Take a look at your fact situation and pull out keywords. Question what is important and what is superfluous.
You need: Your fact situation
Turn keywords into legal issues of substance. What is your situation really about? Language Rights? Search & Seizure? Rule of Law?
You need: Toss the keywords into your favourite search engine, database, the catalogue. See what legal terms come out.
Focus on the legal issue here. Look into secondary sources to understand your legal topic and start collecting references to case law and statute law. Understand legal citation so you keep track of proper details in your references.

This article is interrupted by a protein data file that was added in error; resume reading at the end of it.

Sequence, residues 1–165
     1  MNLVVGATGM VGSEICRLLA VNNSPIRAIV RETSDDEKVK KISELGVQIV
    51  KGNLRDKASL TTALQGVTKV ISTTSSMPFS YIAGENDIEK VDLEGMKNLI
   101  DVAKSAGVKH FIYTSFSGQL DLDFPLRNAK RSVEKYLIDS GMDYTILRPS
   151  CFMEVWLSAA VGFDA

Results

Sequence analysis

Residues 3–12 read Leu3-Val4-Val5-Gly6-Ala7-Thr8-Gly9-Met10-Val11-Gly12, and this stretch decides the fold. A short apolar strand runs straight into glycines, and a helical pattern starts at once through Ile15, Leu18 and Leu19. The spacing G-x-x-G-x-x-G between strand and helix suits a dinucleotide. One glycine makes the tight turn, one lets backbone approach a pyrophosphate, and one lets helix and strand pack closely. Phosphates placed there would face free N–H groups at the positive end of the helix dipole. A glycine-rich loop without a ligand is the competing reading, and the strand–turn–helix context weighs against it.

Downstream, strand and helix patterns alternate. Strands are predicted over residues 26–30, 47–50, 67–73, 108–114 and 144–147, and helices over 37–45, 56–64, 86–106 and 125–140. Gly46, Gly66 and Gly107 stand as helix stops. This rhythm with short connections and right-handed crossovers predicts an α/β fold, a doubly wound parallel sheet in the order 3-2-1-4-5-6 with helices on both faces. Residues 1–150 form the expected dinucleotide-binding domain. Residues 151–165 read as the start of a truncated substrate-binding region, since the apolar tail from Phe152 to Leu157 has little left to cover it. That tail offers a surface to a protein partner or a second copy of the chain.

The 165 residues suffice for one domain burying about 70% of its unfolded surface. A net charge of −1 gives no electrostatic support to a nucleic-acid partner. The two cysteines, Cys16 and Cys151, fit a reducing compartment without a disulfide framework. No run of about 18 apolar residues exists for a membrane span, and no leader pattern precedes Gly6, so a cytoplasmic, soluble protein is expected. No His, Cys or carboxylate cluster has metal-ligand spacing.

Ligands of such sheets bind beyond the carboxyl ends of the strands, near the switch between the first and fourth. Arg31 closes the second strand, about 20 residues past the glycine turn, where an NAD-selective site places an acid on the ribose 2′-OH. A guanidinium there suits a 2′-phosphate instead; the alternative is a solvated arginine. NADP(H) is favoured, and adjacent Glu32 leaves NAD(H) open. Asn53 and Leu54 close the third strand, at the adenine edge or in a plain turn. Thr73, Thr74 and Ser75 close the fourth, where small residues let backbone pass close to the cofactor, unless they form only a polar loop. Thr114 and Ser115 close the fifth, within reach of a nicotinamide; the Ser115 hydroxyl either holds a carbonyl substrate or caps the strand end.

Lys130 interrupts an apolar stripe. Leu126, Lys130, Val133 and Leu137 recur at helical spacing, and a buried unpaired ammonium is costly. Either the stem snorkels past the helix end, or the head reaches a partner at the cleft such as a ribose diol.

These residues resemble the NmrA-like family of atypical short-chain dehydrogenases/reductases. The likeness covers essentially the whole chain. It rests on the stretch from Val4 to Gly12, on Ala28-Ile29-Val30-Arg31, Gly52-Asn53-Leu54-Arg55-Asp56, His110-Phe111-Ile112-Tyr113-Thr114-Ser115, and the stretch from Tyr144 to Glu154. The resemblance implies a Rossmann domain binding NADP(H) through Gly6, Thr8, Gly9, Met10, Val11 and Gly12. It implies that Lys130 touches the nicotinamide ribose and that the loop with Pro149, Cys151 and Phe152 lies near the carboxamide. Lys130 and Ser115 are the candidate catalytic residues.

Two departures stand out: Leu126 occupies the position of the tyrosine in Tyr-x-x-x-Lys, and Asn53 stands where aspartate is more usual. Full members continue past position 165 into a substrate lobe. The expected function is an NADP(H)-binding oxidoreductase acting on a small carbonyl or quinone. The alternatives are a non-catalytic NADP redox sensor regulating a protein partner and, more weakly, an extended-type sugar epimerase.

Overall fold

You need: Start searching the library catalogue, journal indexes, for secondary sources, which will lead you to your primary law. Study the McGill Guide so you will know what you need to put into footnote citations. Use databases to expand your searching and to collect documents.
Start reading! Apply the primary law to your fact situation. This is where you "think like a lawyer".
You need: Cases and legislation (maybe even some secondary authority) to apply back to the facts.
Write up your memo paper! Take time to articulate your points. Be a proofreader (or have someone else read it through). Take care with details like citations too.
You need: Refer to some books on how to write legal memos. These go beyond just how to organize your work. Find someone who is a good proofreader. It does not have to be a law student.